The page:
In the latest episode of Europe’s repetitive debt drama, after seeming to get better for a few weeks, things got really ugly again, with Spanish and Italian bond yields spiking to record highs. Markets tumbled. Then, just when things looked like they couldn’t get much worse, a European leader stepped in with some aggressive comments about how he’ll do everything necessary to make things better. Markets rejoiced. Sound familiar?
During a speech at the Global Investment Conference in London today, European Central Bank President Mario Draghi said the ECB is “ready to do whatever it takes to preserve the euro.” He added: “Believe me, it will be enough.” World markets breathed a collective sigh of relief and embarked on a thundering rally. Japan’s Nikkei stock average rose 0.9 percent. The Dow ticked up 1.37 percent before noon. Stocks in France, Germany, Britain, and Brazil were all positive. The big winner? Spain’s Ibex, which increased a whopping 6 percent.
But then, what did we think Draghi was going to say? That the euro is doomed, and there’s nothing to do about it? It’s all part of the script Europe’s leaders have been following for three years now: “Don’t worry, we got this.” And yet here we are, stuck in the most recent cycle of unraveling. The latest trend was pretty dire, as the yield on Spain’s 10-year bonds had risen to 7.69 percent by Tuesday. Italy’s had reached 6.5 percent. The contagion appeared even to be creeping into Germany, whose safe-haven status was called into question earlier this week when Moody’s announced it was placing the nation’s AAA rating under review. If the Germans aren’t safe, who is?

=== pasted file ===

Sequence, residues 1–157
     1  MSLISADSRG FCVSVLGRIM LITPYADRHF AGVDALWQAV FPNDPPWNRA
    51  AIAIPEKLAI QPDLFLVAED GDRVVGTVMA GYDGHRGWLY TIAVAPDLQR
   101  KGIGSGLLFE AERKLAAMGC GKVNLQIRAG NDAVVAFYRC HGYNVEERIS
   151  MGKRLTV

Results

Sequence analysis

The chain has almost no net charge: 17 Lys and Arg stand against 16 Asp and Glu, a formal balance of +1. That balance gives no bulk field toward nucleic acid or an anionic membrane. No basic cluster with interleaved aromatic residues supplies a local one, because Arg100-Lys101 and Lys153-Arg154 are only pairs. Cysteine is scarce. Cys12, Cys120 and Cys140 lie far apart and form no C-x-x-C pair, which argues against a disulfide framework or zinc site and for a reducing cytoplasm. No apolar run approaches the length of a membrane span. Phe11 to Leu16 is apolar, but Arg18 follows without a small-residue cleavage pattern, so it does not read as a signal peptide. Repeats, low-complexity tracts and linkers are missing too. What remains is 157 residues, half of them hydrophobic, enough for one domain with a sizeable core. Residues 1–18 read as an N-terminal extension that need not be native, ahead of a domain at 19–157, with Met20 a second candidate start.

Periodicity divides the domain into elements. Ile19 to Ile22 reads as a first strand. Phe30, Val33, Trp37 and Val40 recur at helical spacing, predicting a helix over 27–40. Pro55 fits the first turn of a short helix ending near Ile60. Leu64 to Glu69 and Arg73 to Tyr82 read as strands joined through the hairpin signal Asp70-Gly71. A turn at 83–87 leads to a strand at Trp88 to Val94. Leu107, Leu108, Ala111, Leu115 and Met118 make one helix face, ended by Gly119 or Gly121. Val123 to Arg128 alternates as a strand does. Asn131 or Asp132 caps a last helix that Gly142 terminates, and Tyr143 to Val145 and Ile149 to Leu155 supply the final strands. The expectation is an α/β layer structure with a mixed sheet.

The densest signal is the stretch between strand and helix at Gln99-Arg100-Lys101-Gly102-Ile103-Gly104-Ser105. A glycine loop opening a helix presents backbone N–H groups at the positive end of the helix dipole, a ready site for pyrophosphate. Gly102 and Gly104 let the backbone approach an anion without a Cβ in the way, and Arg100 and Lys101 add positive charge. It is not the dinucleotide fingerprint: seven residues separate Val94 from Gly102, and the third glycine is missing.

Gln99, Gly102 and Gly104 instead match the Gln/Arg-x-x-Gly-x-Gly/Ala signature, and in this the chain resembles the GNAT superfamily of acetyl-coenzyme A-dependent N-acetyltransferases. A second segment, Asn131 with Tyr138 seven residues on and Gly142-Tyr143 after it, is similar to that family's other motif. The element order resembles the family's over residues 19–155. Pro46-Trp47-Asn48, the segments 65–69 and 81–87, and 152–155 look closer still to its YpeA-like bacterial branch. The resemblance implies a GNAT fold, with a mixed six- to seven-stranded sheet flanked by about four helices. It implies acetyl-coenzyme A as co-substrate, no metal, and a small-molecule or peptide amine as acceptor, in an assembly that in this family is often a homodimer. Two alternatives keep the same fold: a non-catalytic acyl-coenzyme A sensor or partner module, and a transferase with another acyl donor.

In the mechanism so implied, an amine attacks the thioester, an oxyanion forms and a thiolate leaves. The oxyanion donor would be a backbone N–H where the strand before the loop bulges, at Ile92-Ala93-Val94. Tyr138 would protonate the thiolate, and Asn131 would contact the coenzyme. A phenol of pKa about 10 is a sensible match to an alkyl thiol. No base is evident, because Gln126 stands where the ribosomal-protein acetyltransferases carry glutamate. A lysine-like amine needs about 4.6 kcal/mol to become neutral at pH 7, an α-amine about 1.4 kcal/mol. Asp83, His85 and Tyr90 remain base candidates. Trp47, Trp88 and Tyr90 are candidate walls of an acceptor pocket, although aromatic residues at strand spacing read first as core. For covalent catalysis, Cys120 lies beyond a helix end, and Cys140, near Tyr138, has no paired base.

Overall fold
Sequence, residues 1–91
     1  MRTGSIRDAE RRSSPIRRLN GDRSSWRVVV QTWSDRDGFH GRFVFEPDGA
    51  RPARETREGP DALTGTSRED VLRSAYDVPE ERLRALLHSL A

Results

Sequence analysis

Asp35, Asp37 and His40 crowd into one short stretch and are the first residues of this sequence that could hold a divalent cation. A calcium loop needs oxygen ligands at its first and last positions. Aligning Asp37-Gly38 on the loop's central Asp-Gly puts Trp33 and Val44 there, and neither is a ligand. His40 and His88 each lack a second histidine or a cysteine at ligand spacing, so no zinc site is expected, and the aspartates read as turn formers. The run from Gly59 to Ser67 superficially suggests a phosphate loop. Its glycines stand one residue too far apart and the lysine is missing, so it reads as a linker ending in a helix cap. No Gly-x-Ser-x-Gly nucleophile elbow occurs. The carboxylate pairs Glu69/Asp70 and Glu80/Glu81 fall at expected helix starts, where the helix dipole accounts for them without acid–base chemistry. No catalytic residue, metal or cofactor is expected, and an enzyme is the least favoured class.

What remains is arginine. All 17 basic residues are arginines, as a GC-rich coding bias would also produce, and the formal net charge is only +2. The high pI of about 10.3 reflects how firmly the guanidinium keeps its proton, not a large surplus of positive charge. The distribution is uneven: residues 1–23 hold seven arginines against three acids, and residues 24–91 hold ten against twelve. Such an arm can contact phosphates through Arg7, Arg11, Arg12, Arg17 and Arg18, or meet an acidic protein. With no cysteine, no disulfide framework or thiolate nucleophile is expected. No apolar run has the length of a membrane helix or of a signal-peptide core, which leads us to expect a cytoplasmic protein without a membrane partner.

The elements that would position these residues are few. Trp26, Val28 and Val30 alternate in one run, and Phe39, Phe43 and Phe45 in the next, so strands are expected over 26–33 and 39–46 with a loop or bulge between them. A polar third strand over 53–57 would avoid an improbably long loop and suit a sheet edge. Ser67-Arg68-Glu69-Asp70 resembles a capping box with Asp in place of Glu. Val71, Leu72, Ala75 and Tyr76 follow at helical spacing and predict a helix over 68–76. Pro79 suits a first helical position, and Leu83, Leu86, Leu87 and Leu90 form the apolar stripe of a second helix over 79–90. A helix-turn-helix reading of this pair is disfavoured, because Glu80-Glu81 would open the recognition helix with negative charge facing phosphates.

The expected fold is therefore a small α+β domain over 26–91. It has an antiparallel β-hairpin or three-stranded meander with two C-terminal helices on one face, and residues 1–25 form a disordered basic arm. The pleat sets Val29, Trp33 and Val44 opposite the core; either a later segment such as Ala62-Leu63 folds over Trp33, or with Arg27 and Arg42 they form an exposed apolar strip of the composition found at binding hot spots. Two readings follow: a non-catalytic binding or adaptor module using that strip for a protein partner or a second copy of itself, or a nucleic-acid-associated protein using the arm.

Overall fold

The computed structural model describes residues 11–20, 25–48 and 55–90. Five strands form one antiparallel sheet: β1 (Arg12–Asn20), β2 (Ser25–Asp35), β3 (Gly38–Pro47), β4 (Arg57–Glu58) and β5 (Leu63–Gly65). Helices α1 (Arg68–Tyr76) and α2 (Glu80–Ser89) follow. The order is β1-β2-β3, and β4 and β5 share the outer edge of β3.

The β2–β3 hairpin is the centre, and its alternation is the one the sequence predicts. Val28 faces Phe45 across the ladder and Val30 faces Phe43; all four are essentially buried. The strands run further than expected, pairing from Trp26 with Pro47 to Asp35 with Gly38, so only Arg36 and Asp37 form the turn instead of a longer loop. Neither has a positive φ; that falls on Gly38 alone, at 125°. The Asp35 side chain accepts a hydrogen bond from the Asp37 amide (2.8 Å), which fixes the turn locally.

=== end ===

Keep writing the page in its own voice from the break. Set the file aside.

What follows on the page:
In the aftermath of Draghi’s statements, Spanish yields are back below 7 percent, and Italy’s were down near 6 percent. By no means good, but certainly better. The question is how long until they start rising again. “I think the market reaction is foolish, very shortsighted,” says Mark Grant, managing director of Southwest Securities.
Draghi’s words hint at the notion that the ECB will act to lower yields by purchasing Spanish and Italian sovereign debt, just as it reluctantly did last summer. The ultimate effectiveness of that policy remains debatable. “Yields eventually rose higher than they were before they started buying last summer,” says Grant, who worries about the ECB’s ballooning balance sheet. “They’re already sitting on $4 trillion,” he says. “That’s almost twice the size of the Fed’s $2.2 trillion balance sheet. They’re putting themselves in a worse position and multiplying the risk factor.”
And then, of course, there’s the problem of Europe’s stalling economy, which is making the whole debt crisis even worse. “This does nothing to prevent a recession in Europe,” says Jeffrey Bergstrand, a former Federal Reserve economist and currently a finance professor at the University of Notre Dame. “Further ECB action will stabilize things, but what the markets really want is fiscal stimulus to boost economic growth.”